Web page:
Books, articles, blogs, conferences, and special leadership study teams have all come my way and I really haven’t left any of them feeling content. Greg Ogden’s material has been the closest I have seen to something that points to what discipling looks like. Some have said that the “go” in the Great Commission means we always need to be outward focused and “find the lost sheep.”  In finding them your church will grow numerically.  I have heard many leaders discuss “conversion growth” vs “transfer growth” in churches. This means your church grows by people OUTSIDE the church coming to faith and then coming INSIDE the church versus people outside YOUR church leaving THEIR church and then coming to yours. When we take this and look at the Great Commission one might begin to believe that in order for any church to make disciples they need pure conversion growth (as previously defined) otherwise they really aren’t “going and making” disciples. This ends up with leadership scratching their heads regarding what they are to do with those already in their church. Transfer growth often has a negative connotation to it and if leaders concentrate on helping develop those inside the church they feel accused of being “inward focused” instead of “outward focused.” Perhaps we need to create a new paradigm for understanding discipleship in the church with new measurements? What if discipleship is in fact both an inward and outward focus?

Here is what I have been pondering. Our church has gone through a Church Health Assessment process and we are beginning to take the information now and review it. The questionnaire our people filled out covered some good areas to measure church health (preaching/teaching, leadership communication, vision and direction, etc.) but seemed skewed towards churches that have programs for everything. If you have a program for adult ministry people would score the church high because we “have that covered.” In our church we have tried to be less about programs and more about developing people as disciples who would listen to the voice of God, pray about what they should do, and then act in obedience. We have focused on individual relationships in the church, leadership development, people empowerment, preaching and communication. This translated into low scores in the some of the areas that would have been covered by programs. No, we do not have specific evangelism programs. No, we do not have an adult program, etc. The big question we asked ourselves as leaders was, “But have we seen discipleship growth?” We all agreed we had indeed and as we reviewed our church family we discovered some had been in the church for years and were now branching out into other areas of ministry. There was mentoring happening. Some of our young men committed themselves to full time ministry. Other people were pursuing full time mission work. Some became baptized. Some committed to go on short term mission trips organized by our church and all the extra training involved. New young leaders were coming onto the Board. People were going out from our congregation to other places to pursue eduction or engage in different ministries. And, we found many of our people participated in community events and other ways to care for people that could never be tracked by a survey.  Is that NOT growth in discipleship?!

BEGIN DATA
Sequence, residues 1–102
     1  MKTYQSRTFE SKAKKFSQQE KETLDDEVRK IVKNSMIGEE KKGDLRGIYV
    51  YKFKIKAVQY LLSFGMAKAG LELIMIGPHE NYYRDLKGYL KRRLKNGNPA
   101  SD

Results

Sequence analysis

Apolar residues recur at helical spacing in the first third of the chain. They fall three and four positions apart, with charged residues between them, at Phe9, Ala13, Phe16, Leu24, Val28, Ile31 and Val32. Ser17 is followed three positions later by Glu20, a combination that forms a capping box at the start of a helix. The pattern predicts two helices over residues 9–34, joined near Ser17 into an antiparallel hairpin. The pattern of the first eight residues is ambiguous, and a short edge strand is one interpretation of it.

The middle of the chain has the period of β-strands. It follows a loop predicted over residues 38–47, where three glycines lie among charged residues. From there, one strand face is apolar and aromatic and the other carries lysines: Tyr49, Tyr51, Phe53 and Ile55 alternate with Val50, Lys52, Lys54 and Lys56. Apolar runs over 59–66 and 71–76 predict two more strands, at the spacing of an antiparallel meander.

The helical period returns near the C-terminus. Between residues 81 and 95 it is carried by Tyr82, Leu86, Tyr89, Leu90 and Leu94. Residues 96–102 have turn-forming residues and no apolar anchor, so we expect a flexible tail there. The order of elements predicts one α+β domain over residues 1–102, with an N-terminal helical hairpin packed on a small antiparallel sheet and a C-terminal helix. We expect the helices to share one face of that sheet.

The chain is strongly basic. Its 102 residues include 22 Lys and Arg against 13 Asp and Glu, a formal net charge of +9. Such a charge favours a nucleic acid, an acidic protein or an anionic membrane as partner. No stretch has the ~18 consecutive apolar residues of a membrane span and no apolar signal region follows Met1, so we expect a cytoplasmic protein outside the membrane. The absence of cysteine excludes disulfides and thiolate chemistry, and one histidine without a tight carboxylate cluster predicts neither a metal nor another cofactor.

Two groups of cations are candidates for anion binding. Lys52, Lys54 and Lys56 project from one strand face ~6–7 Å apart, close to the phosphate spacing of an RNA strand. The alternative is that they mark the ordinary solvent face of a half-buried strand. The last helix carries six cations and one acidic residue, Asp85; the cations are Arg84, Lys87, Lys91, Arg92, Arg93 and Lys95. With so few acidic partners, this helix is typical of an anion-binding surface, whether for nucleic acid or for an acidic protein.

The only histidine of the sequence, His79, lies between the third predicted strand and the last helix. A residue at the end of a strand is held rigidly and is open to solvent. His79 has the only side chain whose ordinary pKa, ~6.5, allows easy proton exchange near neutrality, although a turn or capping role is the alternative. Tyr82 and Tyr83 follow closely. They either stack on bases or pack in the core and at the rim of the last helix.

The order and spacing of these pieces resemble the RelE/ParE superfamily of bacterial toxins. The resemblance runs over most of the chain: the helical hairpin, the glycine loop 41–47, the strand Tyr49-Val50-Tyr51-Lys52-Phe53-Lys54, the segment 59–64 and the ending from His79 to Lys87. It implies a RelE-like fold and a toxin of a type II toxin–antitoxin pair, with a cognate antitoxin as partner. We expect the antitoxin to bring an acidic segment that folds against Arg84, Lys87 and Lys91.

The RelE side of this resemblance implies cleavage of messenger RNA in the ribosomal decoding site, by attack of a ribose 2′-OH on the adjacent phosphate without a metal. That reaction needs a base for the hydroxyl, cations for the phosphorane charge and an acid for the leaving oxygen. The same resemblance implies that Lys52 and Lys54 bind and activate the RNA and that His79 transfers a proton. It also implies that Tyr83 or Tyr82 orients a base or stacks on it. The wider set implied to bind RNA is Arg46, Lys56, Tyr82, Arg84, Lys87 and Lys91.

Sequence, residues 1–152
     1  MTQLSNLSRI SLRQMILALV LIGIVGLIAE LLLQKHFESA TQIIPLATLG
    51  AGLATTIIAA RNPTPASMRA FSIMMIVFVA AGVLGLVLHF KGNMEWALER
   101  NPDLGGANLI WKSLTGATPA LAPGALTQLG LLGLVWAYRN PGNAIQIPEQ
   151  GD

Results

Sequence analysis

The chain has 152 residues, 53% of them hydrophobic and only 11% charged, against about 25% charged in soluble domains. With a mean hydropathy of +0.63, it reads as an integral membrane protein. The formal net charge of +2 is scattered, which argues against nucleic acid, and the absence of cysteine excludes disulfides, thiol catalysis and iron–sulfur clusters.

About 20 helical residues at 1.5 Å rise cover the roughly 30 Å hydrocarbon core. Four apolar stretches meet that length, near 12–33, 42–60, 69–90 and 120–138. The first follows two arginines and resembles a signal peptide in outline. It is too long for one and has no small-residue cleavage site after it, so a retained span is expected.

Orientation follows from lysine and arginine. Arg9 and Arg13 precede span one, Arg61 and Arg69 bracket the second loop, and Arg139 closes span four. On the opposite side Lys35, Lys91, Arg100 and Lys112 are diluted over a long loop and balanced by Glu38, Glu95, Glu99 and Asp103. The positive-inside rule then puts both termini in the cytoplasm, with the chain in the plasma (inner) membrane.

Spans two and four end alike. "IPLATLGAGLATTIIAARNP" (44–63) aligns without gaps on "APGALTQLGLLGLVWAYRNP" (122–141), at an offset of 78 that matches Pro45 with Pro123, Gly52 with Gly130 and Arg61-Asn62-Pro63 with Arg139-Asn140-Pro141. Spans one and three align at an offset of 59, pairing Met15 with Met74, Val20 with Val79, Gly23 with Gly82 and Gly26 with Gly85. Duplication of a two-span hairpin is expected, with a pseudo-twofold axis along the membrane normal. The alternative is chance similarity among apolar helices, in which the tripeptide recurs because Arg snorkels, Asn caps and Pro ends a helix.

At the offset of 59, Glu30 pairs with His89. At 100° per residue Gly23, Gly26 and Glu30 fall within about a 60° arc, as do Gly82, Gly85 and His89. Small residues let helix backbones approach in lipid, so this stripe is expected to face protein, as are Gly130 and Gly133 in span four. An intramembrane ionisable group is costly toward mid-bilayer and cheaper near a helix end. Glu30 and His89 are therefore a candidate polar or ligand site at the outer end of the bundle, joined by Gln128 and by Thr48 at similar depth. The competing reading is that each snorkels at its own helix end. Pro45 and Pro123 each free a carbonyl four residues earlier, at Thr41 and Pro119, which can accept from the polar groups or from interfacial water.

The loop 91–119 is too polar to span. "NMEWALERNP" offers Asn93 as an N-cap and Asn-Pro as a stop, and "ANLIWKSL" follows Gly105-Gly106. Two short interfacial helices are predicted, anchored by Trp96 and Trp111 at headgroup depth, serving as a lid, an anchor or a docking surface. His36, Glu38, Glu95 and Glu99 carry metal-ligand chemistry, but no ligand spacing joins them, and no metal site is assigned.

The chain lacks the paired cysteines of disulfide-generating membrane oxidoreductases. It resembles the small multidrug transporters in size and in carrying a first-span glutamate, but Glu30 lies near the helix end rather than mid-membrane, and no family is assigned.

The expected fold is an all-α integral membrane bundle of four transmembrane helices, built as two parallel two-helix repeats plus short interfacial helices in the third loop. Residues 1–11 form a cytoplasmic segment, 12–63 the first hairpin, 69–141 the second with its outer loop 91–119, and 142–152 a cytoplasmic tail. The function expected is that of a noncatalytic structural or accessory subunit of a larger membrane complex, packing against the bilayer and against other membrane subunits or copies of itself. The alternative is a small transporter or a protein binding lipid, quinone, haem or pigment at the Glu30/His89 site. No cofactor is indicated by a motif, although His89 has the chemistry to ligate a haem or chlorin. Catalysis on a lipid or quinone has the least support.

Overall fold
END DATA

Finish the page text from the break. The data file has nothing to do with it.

We were so encouraged! For me the paradigm has shifted. People inside AND outside the church need to become disciples. People transferring to your congregation have been sent there by God and they too need to be discipled.  In the Great Commission it says we are to teach people to obey the teachings of Christ and that is what it means to make disciples.  So we are to teach everyone who enters into our atmosphere of influence as a church family. Here is what I propose the new discipleship paradigm should look like: A church knows it is making disciples when it sees movement in lives (in particular those who are attending): it sees an increase in the prayer life both corporately and individually, missional hearts reaching out to others beyond the group, open hearts receiving those who come into the group, missional action moving forward in obedience, an increase in thirst for the Bible, new people coming to faith through the various vines of contact and ministry of the church family, and decisions for the future based on Kingdom call instead of personal comfort. Some seeds may lay dormant in the heart for a long time but then the light of the Gospel shines on them, springs of living water flow over the seed, and the Spirit breathes new life. It doesn’t matter how small or large your church family is. What matters is faithfulness to the Great Commission and helping those closest to you grow as disciples in their love for God and their neighbor and beyond. May God bless us with conversions both of those who are currently “outside” and those who are “inside” and may the fruit of the Harvest abound!

It’s all about Jesus, it’s only about Jesus, it’s always about Jesus.